Seminars & Events for PACM/Applied Mathematics Colloquium

March 30, 2015
4:30pm - 5:30pm
Qianxiao Li: Free-energy-like concepts for nonequilibrium systems; Cheng Tai: Video Super-Resolution via Adaptive Wavelet Frames and Elastic Deformations

Abstract: Qianxiao Li - The extension of the concept of free energy to fully nonequilibrium systems is an important problem in statistical mechanics. I will discuss how a straightforward generalization, using the nonequilibrium steady-state distribution in place of the canonical ensemble, yields a free energy that is not sufficient in capturing the dynamics of general nonequilibrium steady states. One can overcome this problem by defining the "free action", which is like a trajectory-space free energy. Through a representative example, I will discuss the conceptual and practical usefulness of the free action in quantifying the dynamics of nonequilibrium steady states. If time allows, I will also discuss how one can employ similar ideas to treat systems with deterministic dynamics and random initial conditions.

Speaker: Qianxiao Li & Cheng Tai - Special Grad Student Seminar, Princeton University
Location:
Fine Hall 214
April 6, 2015
4:30pm - 5:30pm
Dictionary Learning and Matrix Recovery with Optimal Rate

Let A be an n×n matrix, X be an n×p matrix and Y = AX.  A challenging and important problem in data analysis, motived by dictionary learning, is to recover both A and X, given Y. Under normal circumstances, it is clear that the problem is underdetermined. However, as showed by Spielman et. al., one can succeed when X is sufficiently sparse and random.  In this talk, we discuss a solution to a conjecture  raised by Spielman et. al. concerning the optimal condition which guarantees efficient recovery. The main  technical ingredient of our analysis is a novel way to use the ε-net argument in high dimensions for proving  matrix concentration, beating the standard union bound. This part is of independent interest. Joint work with K. Luh (Yale). 

Speaker: Van Vu, Yale University
Location:
Fine Hall 214
April 13, 2015
4:30pm - 5:30pm
Phase Retrieval, Self-Calibration, Random Matrices, and Convex Optimization

I will demonstrate how two important, but seemingly unrelated, problems, namely Phase Retrieval and Self-Calibration, can be solved by using methods from random matix theory and convex optimization. Phase retrieval is the century-old problem of reconstructing a function, such as a signal or image, from intensity measurements, typically from the modulus of a diffracted wave. Phase retrieval problems -- which arise in numerous areas including X-ray crystallography, astronomy, diffraction imaging, and quantum physics -- are notoriously difficult to solve numerically. They also pervade many areas of mathematics, such as numerical analysis, harmonic analysis, algebraic geometry, combinatorics, and differential geometry.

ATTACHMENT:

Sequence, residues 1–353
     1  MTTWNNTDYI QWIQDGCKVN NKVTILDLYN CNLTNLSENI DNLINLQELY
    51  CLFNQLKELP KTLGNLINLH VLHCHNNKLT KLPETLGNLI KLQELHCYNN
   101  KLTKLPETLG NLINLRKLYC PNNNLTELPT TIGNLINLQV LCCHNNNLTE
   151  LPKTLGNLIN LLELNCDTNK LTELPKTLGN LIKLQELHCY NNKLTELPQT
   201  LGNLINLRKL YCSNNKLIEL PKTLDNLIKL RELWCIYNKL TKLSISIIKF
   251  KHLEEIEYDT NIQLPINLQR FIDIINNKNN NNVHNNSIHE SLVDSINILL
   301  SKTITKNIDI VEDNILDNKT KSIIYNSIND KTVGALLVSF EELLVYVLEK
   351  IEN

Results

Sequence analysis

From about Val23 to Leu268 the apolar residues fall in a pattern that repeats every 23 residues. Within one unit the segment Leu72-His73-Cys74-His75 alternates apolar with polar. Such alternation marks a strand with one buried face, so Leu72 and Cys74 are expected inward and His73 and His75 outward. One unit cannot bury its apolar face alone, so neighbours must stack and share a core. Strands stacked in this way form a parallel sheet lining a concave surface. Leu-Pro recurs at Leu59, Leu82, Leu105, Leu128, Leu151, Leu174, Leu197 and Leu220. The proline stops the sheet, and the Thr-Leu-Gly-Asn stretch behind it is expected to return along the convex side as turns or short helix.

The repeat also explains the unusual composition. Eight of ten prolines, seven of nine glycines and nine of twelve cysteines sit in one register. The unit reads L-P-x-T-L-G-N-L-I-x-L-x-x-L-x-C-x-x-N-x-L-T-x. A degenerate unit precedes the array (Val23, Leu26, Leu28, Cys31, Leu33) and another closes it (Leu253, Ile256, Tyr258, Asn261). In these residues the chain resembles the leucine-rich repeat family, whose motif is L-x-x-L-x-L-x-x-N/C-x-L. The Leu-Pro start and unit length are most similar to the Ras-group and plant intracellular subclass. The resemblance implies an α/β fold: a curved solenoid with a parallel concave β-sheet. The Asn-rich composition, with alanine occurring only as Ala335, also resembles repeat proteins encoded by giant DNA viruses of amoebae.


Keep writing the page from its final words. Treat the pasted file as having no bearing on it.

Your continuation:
Speaker: Thomas Strohmer, UC Davis
Location:
Fine Hall 214
April 20, 2015
4:30pm - 5:30pm
Efficient use of semidefinite programming for selection of rotamers in protein conformations and other applications

In this paper we study a semidefinite programming relaxation of the (NP-hard) side chain positioning problem. We show that the Slater constraint qualification (strict feasibility) fails for the SDP relaxation. We then show the advantages of using facial reduction to regularize the SDP. In fact, after applying facial reduction, we have a smaller problem that is more stable both in theory and in practice. We include a discussion of the background of SDP relaxations and exploiting pecial structure in various applications such as sensor network localization, SNL.  Work with: Forbes Burkowski (University of Waterloo) Yuen-Lam Cheung Voronin (University of Colorado, Boulder)

Speaker: Henry Wolkowicz, University of Waterloo
Location:
Fine Hall 214
April 27, 2015
4:30pm - 5:30pm
Fast algorithms for electronic structure analysis

Kohn-Sham density functional theory (KSDFT) is the most widely used electronic structure theory for molecules and condensed matter systems. For a system with N electrons, the standard method for solving KSDFT requires solving N eigenvectors for an O(N) * O(N) Kohn-Sham  Hamiltonian matrix.  The computational cost for such procedure is expensive and scales as O(N^3), and limits routine KSDFT calculations to hundreds of atoms.  In recent years, we have developed an alternative procedure called the  pole expansion and selected inversion (PEXSI) method [1-2].  The PEXSI method solves KSDFT without solving any eigenvalue and eigenvector, and directly evaluates physical quantities including electron density, energy, atomic force, density of states, and local density of states.

Speaker: Lin Lin, UC-Berkeley
Location:
Fine Hall 214
May 11, 2015
4:30pm - 5:30pm
Polynomial Bounds for the Grid-Minor Theorem

THIS IS A SPECIAL PACM COLLOQUIUM.  One of the key results in Robertson and Seymour's seminal work on graph minors is the Grid-Minor Theorem (also called the Excluded Grid Theorem). The theorem states that for every fixed-size grid H, every graph whose treewidth is large enough, contains H as a minor. This theorem has found many applications in graph theory and algorithms. Let f(k) denote the largest value, such that every graph of treewidth k contains a grid minor of size f(k).

Speaker: Julia Chuzhoy, TTI
Location:
Fine Hall 214

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